Finally, a maintenance worker in Tennessee has quit his job because the W2 he received this week was number 666. “If you accept that number, you sell your soul to the devil,” he said. Why would I try to make stuff up when I have these things gift-wrapped for me each week?

Birthday gifts were wrapped this week for my mom, Gloria Dunn; George Halas; Liz Smith; Stan Getz; Tommy Smothers; Graham Nash; Christie Brinkley; Pebbles Flintsone (did she ever marry Bam-Bam? And did he ever learn to say anything other than Bam-Bam?); Norman Rockwell; Joey Bishop; Bob Griese; Charles Lindbergh; Hal Blaine; Hank Aaron; Al Kooper; Chuck Winfield; Babe Ruth; Ronald Reagan; Zsa Zsa Gabor; Rip Torn; Natalie Cole; Laura Ingalls Wilder; Garth Brooks; and James Dean.

No bonus video today. Sorry. WordPress is not behaving, and I have already had my far share of cussing for the day. I suggest you go outside and play. Unless you are enjoying the blizzard of the century. Then I recommend lots of coffee and a deck of cards. Enjoy.

 

Comments

  1. “Catholicism of the future will be a culture-forming counterculture. It will form its own culture … ”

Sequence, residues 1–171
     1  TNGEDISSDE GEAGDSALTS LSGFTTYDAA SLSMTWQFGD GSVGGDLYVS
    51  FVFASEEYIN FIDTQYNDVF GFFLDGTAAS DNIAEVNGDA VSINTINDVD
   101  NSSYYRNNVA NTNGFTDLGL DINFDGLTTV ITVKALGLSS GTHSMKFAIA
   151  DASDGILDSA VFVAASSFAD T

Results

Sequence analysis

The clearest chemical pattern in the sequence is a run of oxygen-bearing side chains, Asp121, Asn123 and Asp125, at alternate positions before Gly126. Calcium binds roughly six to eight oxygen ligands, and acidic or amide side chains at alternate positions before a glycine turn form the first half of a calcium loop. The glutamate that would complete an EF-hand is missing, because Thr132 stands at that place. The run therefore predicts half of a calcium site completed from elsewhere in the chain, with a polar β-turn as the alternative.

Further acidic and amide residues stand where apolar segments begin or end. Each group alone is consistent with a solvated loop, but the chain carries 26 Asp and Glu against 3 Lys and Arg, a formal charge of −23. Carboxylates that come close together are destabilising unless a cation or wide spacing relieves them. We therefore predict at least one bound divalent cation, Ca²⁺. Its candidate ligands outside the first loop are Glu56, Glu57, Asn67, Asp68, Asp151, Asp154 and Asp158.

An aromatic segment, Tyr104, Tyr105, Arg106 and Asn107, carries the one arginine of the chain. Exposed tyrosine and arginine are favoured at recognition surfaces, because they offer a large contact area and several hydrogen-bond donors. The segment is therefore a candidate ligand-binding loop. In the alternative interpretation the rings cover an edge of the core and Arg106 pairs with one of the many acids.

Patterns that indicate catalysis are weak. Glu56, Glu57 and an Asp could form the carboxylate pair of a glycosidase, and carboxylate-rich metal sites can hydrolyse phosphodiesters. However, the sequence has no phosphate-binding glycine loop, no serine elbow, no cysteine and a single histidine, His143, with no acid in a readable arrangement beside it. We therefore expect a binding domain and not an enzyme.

Meet the new evangelical catholicism…same as the old fundagelicalism?

    • We won’t get fooled again …

    • Oh, I don’t know, Catholicism has done a pretty decent job at forming cultures in the past. There was French culture, Italian culture, Irish culture….

      Was Evangelical culture forming bad because it was trying to form a culture, or was it bad because the culture it formed was shallow, pedantic, silly, etc. ?

      • It was wrong for making descending into a ghetto subculture of their own making, then calling it a Utopian model for everyone else. It’s sad to see the Catholic church descend to the ghetto of religious t-shirts. Coldplay’s “Viva la Vida” might make good bumper music for this article.